|Sunscreen for dry skin||Photon Hydra, I shield & Bioderma aquafluid tint|
|Sunscreen for normal skin||Photon sunscreen gel, Cetaphil sun Gel & Bioderma photoderm Creme|
|Sunscreen for combination skin||Photon Hydra & Fixderma shadow gel|
|Sunscreen for acne-prone skin||Blu Bloc & Photon Matt|
|Sunscreen for melasma||Bio UV 50 & Bioderma aquafluid tint|
|Sunscreen for pigmentation||Bio UV 50 & Bioderma age spot|
Sunscreen and Skin Color
Dark skin produces more melanin, a chemical that absorbs damaging UV radiation and provides dark-skinned people with a natural SPF rating of around 13. However, health experts advise everyone to use sunscreen protection, regardless of skin color. Dark-skinned people may not sunburn as quickly, but they still burn and are susceptible to sun damage such as early wrinkles, sunspots, and cancer. There is a dangerous, but commonly held belief that dark skin is not at risk of skin cancer. Therefore, many dark-skinned people do not take appropriate measures against sun damage and are less likely to get regular skin checkups. As a result, when they do get a skin cancer diagnosis, the disease is in a later stage and much harder to treat.
Safest Sunscreen Products Available in India
Shadow Body Spray Sunscreen
A terrific all-around sunscreen broad spectrum for protection against UVA rays and UVB rays with a non-greasy water-resistant spray that’s easy to apply over a large surface area.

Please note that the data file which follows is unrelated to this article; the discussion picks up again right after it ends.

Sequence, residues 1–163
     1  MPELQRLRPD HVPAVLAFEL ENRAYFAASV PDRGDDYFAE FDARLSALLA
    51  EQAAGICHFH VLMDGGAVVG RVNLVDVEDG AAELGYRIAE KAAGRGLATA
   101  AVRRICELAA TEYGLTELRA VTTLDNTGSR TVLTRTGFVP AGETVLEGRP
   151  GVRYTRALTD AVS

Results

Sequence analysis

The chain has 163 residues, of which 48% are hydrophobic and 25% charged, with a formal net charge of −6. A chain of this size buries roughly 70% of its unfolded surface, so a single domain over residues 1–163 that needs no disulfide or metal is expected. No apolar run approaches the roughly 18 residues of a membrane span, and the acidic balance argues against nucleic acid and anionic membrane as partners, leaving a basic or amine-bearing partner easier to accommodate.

Rivela Tint Sunscreen Lotion SPF 50
Great for dry and oily skin, this vitamin E lotion goes on smooth to protect against UVB and UVA rays.
Blu-Bloc Sunscreen Gel
Don’t let those pesky blue rays get under your skin. Keep your youthful appearance for longer with this convenient gel that cools and soothes as you apply it.
La Shield Sunscreen Gel
A broad spectrum SPF 40 gel with a PA+++ rating for superb protection against UVA and UVB radiation for all skin types.
Photon Matt Gel
Get a massive 6+ hrs of sun protection against UVA and UVB.
Heliocare Sunscreen Gel
This potent SPF 50 sunscreen protects against UVA and UVB rays while keeping the skin suitably moisturized, making it perfect for dry skin.
Other Ways to Protect Against Sun
Adequate clothing should be everybody’s first line of defense against sun damage. Long sleeves and pants or attire that covers your body is always recommended. Extra clothing will also reduce your reliance on sunscreen as you will only need it for the face and hands. Hats provide extra protection for your face, and you should wear sunglasses for your eyes. If you are spending a leisurely day outside make sure you take an umbrella so you can sit in the shade, or find a shady tree, but don’t forget the sunscreen. The sun’s damaging rays are reflective, so even overcast weather or shade won’t offer complete protection. Always wear sunscreen properly according to the manufacturer’s directions, so you always get the best results regardless of the type of sunscreen products you choose. Once you get into the habit of applying sunscreen every day, it will seem like a regular part of your routine, like brushing teeth, rather than an unnecessary chore. If you are still unsure about the type of sunscreen that will work best for you, get in touch with your dermatologist for expert advice today.